Sometimes You Should Not Dispose Dirty Napkins
Last night I appeared on a taping for a poker talk radio show. At the end, the host asked me if I had any final words for the listeners. I said: “Keep very very very good records of your gambling activity.” Insufficient records is a losing bet for a taxpayer who claims gambling losses. Roy Rampadarat found out the hard way in a recent Minnesota Tax Court decision.
Mr. Rampadarat enjoyed playing slots at the Mystic Lake Casino from 2001 to 2005. On his Minnesota income tax returns for each year, he filed as a professional gambler. Under Minnesota Tax Law, a professional gambler includes gambling losses in the Alternative Minimum Tax formula, but a recreational gambler cannot. This rule differs from federal law, which allows an amateur to take the deduction for AMT purposes.
The Minnesota Department of Revenue audited Mr. Rampadarat, and took the position that he was not a professional gambler. The Department sought $53,723.15 in tax, interest, and penalties. Mr. Rampadarat appealed and took the Department to court.
Of course, the professional versus recreational gambler status is a facts and circumstances determination. The court recognized nine nonexclusive factors to make this determination, and found four of them relevant in this case:
- The activity is carried on in a businesslike manner and taxpayer maintains complete and accurate books and records in which the taxpayer carries on the activity (e.g., keeping records in a businesslike way);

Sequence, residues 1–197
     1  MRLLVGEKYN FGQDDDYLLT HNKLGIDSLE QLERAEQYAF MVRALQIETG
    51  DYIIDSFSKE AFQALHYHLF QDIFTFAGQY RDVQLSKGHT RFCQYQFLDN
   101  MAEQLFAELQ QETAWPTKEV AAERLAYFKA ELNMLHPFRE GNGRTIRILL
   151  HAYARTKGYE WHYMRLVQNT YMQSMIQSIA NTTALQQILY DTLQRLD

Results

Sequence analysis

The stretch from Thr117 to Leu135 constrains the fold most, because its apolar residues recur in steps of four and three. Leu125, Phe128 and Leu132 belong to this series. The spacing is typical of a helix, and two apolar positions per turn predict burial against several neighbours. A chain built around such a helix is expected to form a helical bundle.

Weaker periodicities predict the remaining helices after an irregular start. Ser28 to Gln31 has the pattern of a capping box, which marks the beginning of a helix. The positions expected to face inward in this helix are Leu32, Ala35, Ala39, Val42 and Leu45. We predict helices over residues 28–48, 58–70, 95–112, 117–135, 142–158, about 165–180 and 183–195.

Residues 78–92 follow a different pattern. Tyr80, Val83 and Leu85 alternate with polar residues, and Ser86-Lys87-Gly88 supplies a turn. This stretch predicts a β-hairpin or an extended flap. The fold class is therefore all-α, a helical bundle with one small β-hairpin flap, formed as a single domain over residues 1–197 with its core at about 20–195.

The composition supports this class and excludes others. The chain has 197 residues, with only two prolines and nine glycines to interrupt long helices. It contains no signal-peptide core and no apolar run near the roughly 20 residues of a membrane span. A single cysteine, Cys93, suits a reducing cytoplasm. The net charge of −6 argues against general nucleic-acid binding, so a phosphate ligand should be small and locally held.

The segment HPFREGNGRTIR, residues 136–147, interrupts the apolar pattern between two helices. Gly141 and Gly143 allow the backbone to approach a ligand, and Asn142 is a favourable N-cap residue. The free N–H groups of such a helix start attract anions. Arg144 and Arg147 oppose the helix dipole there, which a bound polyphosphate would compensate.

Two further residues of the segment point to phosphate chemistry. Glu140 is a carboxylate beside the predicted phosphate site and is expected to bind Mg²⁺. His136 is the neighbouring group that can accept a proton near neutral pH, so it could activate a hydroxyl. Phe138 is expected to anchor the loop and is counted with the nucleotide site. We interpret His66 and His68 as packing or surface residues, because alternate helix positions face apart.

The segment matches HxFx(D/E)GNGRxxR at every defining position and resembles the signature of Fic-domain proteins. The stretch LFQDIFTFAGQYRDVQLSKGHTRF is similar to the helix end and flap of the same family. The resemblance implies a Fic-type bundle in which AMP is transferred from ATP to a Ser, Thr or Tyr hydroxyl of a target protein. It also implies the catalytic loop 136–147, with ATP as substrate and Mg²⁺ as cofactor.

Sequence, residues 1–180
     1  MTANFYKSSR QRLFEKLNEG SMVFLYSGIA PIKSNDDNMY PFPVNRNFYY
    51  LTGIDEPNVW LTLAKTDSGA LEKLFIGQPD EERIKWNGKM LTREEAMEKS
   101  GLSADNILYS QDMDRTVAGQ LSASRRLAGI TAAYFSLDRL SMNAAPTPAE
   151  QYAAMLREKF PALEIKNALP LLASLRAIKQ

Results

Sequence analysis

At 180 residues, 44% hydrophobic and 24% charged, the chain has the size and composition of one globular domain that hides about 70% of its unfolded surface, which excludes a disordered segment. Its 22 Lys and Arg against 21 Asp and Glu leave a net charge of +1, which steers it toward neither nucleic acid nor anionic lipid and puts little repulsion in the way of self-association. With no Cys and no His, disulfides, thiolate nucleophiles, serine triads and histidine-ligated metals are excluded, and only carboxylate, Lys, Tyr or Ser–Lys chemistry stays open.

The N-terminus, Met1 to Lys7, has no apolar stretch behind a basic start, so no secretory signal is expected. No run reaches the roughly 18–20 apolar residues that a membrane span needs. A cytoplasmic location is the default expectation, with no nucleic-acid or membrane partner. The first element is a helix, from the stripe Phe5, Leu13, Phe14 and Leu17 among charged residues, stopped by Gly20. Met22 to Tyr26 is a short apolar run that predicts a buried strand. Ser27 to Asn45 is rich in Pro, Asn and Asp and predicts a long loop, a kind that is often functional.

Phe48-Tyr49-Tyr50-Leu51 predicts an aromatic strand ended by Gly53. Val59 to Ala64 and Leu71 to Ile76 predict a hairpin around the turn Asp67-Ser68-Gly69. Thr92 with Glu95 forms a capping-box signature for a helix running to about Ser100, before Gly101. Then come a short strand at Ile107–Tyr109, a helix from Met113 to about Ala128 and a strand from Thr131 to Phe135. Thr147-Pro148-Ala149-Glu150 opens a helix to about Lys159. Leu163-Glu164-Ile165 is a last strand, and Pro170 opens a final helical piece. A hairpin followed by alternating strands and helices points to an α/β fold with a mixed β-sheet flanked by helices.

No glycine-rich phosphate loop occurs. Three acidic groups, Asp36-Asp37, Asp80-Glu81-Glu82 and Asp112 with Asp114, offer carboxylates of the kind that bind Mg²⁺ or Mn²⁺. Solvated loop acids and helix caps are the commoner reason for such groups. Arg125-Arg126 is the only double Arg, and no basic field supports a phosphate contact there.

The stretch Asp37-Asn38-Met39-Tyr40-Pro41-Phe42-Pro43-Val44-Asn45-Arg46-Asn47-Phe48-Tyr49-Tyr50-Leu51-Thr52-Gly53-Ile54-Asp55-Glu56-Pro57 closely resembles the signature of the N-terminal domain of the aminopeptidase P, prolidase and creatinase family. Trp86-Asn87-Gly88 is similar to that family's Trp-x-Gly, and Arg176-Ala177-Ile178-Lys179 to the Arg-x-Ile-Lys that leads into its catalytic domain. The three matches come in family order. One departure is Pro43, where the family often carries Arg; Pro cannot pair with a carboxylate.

- The time and effort that the gambler expended;
- The amount of occasional profits, if any, which are earned; and
- The financial status of the taxpayer.
Mr. Rampadarat’s system of recordkeeping included notes on napkins of his winnings and losses. At a month’s end, he compared these notes to his credit card statements, and if the numbers matched, he destroyed the napkins. He also kept some monthly totals to form the basis of his reported winnings and losses, but he destroyed these as well.
The problem with credit card statements alone is that cash withdrawals at a casino could serve a number of activities: food, entertainment, gambling, or simply putting it into one’s pocket. Without a diary of gambling activity, Mr. Rampadarat was unable to show how these withdrawals were actually used.
Mr. Rampadarat also offered a statement from the casino. The problem here was that the casino only kept records when he gambled with the casino’s club card, and that was on a limited basis.
When questioned about his time spent gambling, Mr. Rampadarat offered inconsistent testimony, and pointed to his ATM receipts from the casino as proof. Not surprisingly, the receipts failed to show that he spent 20-40 hours a week gambling, as he testified.
Additional evidence further indicated 20-40 hours a week didn’t add up. A win/loss statement prepared by the casino showed that he gambled for 106 days over the five years, or 21 days per year. His credit card statements showed some more activity, totaling 231 days over the five years, or 46 days per year. That amount of gambling activity is more akin to a hobby, and not continuous and regular, said the court.
Ultimately, because the taxpayer maintained insufficient records, the court was unable to conclude that Mr. Rampadarat gambled in a businesslike manner and with sufficient regularity and continuity to be considered a professional. Although we cannot say whether his napkins would have produced a different result, we can say he didn’t help his cause by destroying them.